Former Greens leader and veteran activist Bob Brown is campaigning to stop a $1.6 billion wind farm development in Tasmania because it will spoil the view and kill birds.
The proposed Robbins Island wind farm in Tasmania’s northwest will be one of the world’s biggest, with up to 200 towers measuring 270m high from ground to blade tip.
If it goes ahead, electricity from the Robbins Island project will be sent to the mainland via a new undersea cable to help make Tasmania a “battery for the nation”.
But in a letter to local media and on his foundation’s website, Dr Brown has slammed the project, which he said had echoes of earlier attempts to build skyscrapers in Hobart which were stopped by protests.
Despite the criticisms levelled at former prime minister Tony Abbott and treasurer Joe Hockey for describing wind turbines as “ugly”, Dr Brown said the Robbins Island plan was, visually, a step too far. “Mariners will see this hairbrush of tall towers from 50km out to sea and elevated landlubbers will see it, like it or not, from greater distances on land,” Dr Brown said. “Its eye-catchiness will divert from every coastal scene on the western Bass Strait coastline.”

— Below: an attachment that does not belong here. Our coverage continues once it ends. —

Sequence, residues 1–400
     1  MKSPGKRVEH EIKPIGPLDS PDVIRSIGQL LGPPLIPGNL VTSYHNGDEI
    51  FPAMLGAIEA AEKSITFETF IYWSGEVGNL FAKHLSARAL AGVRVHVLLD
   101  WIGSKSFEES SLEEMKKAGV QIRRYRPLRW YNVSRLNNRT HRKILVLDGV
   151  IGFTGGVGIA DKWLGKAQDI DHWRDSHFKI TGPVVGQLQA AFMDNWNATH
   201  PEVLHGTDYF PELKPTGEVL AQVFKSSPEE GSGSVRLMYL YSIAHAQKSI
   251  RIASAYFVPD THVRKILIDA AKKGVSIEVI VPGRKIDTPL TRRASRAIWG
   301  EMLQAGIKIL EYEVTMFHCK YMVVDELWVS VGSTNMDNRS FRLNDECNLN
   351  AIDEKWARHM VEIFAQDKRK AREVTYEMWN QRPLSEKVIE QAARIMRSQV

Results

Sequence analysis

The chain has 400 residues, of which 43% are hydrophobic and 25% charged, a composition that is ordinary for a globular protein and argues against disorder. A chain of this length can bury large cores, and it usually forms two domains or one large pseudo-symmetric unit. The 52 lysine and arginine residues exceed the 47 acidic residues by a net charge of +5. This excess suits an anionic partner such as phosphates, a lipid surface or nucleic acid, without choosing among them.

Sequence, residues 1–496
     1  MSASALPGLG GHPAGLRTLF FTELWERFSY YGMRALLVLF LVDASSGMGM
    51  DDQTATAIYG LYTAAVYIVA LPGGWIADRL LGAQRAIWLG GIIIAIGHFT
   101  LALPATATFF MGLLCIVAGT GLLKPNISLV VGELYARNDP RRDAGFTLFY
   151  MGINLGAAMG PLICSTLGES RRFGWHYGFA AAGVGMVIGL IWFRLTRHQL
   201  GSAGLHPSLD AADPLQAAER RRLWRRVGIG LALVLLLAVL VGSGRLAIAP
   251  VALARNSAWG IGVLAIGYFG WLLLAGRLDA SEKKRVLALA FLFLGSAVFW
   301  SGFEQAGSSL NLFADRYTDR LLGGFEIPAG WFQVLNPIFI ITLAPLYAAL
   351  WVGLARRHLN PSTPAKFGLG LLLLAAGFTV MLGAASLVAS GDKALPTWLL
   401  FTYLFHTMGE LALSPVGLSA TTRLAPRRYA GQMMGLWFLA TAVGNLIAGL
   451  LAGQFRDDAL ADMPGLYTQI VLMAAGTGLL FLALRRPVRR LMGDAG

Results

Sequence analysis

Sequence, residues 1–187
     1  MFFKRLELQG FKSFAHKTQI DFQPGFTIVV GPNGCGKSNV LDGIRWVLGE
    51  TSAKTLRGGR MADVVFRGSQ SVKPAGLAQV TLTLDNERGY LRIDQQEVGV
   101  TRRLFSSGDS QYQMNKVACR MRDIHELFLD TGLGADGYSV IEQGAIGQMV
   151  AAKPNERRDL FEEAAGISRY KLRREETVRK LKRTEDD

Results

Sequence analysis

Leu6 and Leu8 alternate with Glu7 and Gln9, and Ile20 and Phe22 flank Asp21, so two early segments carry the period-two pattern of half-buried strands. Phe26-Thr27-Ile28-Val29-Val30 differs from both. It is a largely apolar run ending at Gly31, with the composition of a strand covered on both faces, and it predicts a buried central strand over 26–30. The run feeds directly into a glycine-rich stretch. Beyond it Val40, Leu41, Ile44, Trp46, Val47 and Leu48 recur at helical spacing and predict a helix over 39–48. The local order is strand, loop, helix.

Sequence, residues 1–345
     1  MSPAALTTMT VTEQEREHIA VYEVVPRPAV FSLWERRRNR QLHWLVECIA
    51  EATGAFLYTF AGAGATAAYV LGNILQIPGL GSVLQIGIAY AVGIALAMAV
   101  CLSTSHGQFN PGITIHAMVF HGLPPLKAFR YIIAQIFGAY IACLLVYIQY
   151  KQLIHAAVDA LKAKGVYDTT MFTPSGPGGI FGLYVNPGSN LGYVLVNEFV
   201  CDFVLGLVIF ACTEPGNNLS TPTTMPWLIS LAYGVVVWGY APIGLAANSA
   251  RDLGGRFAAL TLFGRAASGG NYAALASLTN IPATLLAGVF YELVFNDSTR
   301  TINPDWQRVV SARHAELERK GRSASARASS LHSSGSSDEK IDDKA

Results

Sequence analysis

Dr Brown, who fought against Queensland’s Adani coal mine, said the world needed renewable energy to replace fossil fuels, and fast, but the Robbins Island wind farm “is an aileron too far”.
He said the public had not been properly informed of the private deals, or public impacts or cost-benefit analyses (economic, social, cultural and environmental) of what would be one of the biggest wind farm projects on Earth. He said details of the arrangements between the Hammond family, which farmed wagyu beef and owned the land, and developer UPC Renewables were not known. “Tasmanians have a right to know much more about the Robbins Island development,” Dr Brown said. “It is a huge resource extraction venture which will be lighting up no Tasmanian homes.”
Dr Brown’s opposition is shared by some locals, including the Nietta Action Group, which is fighting both the wind farm and a transmission line.